Film Business Brings Big Business to Virginia


February 26, 2013

Whether it’s the tale of a big ark, a historical treasure hunt, or the story of the nation’s most influential presidents, more and more movies are filmed in Virginia.

And the Commonwealth gets more than a little notoriety out of the deal. There is also a huge economic boom anytime a film crew hits the state.

“Evan Almighty”, “National Treasure: Book of Secrets”, “Dirty Dancing”, and most recently “Lincoln”. These are just a handful of many movies with Virginia scenery in the background.

“It's remarkable we are bringing in these high end films,” said Jody Kielbasa of the Virginia Film Festival. “It's driving so much money into the economy here in the Commonwealth. I think it's a great industry to support and bring in.”

And it's big money, too. Take “Lincoln” for example; in 53 days, the total economic impact came in at just over $64 million. 410 Virginians were on the job, and were paid over $6 million in wages.

“What's great about it is when film makers come in from out of state they come in and they are like super tourists with a payroll,” said Andrew Edmunds with the Virginia Film Office. “They spend money in every part of the economy, from buying paper clips and office supplies to renting helicopters and staying in hotels restaurants.”

Clearly Virginia has what it takes to provide a great backdrop to any movie you want to film, but there is a new benefit these days. The movie business is also boosting the tourism business.

“The Virginia Tourism Corporation has set up a ‘Lincoln’ movie trail where people can visit actual sites where the crew had dinner or filmed a particular scene,” said Edmunds. “People can plug it into their phone and figure out where they were and enjoy an experience those restaurants and hotels and see the locations where they were and see the sites.”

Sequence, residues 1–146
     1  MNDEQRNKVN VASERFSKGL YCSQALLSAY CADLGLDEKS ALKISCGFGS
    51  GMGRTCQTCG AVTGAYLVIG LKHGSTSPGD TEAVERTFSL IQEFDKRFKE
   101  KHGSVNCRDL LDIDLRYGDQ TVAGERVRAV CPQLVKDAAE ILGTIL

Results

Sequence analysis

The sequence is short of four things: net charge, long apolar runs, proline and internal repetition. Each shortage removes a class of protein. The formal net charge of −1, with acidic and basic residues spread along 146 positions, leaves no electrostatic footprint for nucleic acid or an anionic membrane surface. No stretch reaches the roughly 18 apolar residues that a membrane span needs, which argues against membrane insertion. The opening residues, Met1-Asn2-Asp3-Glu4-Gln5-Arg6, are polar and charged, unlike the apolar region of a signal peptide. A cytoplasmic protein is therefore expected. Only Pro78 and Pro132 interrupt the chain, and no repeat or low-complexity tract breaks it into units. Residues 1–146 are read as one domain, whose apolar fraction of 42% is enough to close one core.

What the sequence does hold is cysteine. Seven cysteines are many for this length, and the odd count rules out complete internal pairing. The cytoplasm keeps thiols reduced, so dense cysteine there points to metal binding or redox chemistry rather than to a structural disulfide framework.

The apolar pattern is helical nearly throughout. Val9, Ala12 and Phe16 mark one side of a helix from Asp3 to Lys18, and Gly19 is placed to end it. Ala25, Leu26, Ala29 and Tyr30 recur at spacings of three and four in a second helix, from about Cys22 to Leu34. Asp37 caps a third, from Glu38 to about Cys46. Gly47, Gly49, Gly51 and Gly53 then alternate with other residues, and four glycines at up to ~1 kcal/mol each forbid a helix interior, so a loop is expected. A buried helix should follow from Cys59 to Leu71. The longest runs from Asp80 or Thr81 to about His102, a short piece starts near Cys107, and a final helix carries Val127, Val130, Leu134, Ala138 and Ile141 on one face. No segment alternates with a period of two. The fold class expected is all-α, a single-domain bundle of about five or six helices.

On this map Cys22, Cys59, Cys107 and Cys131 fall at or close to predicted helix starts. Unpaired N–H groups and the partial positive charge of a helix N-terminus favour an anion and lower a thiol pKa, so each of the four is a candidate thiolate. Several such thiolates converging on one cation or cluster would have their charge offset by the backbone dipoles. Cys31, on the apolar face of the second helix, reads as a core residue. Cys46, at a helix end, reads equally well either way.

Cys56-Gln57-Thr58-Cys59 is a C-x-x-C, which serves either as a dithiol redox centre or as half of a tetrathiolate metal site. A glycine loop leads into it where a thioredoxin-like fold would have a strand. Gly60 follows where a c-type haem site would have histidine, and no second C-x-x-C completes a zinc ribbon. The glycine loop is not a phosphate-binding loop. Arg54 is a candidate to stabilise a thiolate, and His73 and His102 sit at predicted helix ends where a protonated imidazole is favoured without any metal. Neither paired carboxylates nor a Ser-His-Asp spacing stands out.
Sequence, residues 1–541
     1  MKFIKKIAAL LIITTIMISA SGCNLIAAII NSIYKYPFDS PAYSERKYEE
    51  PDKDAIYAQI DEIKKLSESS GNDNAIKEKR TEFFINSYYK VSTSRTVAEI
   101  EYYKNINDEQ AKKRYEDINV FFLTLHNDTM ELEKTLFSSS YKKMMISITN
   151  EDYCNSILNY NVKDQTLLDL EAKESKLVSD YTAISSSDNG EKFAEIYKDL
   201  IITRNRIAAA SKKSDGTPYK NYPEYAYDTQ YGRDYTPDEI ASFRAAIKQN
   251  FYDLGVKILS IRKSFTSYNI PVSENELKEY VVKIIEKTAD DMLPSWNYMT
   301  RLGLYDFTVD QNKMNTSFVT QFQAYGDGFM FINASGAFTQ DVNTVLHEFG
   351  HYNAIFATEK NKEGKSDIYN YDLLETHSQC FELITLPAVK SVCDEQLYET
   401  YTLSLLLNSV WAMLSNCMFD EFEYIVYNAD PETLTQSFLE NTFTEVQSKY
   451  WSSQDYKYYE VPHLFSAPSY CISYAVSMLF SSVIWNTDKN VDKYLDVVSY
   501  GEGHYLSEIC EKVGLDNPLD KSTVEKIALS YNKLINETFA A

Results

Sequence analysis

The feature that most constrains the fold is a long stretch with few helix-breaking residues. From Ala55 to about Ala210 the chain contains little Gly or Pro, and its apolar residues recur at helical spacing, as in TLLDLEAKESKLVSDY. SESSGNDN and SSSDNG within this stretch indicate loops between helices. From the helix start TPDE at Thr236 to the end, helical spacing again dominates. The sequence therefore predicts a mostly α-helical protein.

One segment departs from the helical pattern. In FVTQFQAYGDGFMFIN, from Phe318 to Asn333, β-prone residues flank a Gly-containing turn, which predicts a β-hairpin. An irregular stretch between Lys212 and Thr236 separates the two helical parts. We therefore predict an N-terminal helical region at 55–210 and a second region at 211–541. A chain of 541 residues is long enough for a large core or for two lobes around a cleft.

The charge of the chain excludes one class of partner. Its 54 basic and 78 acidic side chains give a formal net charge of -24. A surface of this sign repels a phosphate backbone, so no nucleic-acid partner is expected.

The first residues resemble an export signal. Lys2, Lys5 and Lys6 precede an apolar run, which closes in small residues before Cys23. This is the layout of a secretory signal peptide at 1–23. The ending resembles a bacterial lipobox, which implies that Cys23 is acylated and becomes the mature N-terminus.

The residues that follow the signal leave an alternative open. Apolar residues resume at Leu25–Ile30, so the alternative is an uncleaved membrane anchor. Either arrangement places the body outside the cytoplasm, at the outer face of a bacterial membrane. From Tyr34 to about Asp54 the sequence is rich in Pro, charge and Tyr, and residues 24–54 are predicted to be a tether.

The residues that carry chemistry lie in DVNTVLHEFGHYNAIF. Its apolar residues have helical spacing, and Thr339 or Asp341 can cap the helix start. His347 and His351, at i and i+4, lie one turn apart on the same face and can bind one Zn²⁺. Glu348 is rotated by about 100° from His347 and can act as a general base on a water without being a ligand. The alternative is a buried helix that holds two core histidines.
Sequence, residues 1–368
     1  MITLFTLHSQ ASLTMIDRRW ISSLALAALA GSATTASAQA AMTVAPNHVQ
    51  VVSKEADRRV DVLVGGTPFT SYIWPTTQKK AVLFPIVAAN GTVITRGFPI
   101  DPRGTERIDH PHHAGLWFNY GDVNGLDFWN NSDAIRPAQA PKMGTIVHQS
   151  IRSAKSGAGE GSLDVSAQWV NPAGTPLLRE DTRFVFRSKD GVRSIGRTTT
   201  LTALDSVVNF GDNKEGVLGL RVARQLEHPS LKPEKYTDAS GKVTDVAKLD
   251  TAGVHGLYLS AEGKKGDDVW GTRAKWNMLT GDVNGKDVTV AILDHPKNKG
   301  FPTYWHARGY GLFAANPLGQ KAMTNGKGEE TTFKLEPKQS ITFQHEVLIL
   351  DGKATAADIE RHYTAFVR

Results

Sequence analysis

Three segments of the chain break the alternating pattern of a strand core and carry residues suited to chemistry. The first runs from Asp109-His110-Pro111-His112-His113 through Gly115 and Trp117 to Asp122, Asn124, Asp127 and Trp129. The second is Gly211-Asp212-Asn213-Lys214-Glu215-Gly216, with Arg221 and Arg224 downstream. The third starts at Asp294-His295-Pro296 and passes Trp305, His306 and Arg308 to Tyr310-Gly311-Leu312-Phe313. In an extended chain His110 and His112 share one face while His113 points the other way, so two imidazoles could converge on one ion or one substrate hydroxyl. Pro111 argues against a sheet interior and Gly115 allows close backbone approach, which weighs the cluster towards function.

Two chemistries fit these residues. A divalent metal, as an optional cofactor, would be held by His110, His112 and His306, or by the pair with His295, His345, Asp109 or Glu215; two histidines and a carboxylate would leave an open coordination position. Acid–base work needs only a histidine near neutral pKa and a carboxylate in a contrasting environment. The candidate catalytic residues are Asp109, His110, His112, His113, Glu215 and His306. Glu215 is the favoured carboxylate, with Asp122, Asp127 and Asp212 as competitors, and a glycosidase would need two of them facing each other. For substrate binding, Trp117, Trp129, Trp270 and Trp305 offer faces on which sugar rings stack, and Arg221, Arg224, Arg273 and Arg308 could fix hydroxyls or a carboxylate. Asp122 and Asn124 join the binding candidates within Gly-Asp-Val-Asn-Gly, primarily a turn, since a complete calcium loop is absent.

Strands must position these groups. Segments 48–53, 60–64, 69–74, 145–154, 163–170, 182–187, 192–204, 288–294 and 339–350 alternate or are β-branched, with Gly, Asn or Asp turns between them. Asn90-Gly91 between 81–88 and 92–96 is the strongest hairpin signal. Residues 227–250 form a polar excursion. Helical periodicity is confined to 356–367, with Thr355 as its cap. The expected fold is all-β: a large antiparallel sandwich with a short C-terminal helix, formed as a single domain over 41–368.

With this kind of benefit, the competition to lure in film crews is fierce. States, and countries, offer deals and incentives to try and seduce production companies. And to keep up, Virginia has to do the same, but it’s not limited to deals from the government.

“We need the public to be on board, because often we're knocking on their door, can we use your house for a movie, you mind if we take up parking in your neighborhood for a couple days so the public cooperation assistance is vital to the actual production of the film to make Virginia a film location.”

The better the experience for the crew, the more likely they will return. For example, Steven Spielberg told Andy he will be coming back to the Commonwealth.

“The best advertising is word of mouth of course, and Spielberg being here and telling colleagues what a great experience he had while filming here certainly helps, and it has made the phone ring to other projects we are working on right now.”

With all these movies made in the Commonwealth, is there any chance something like this will be seen on the Blue Ridge Mountains?

“In reality Hollywood is where it is for a reason, and I think that's good and I think the Commonwealth would up in arms if we became Hollywood East, on so many different levels. What's good is to have them come visit, and leave a bunch of money here in the Commonwealth, and then go home, and I think that's a good thing.”

A good thing from northern Virginia, to Richmond, to the Blue Ridge and all the way to the silver screen.

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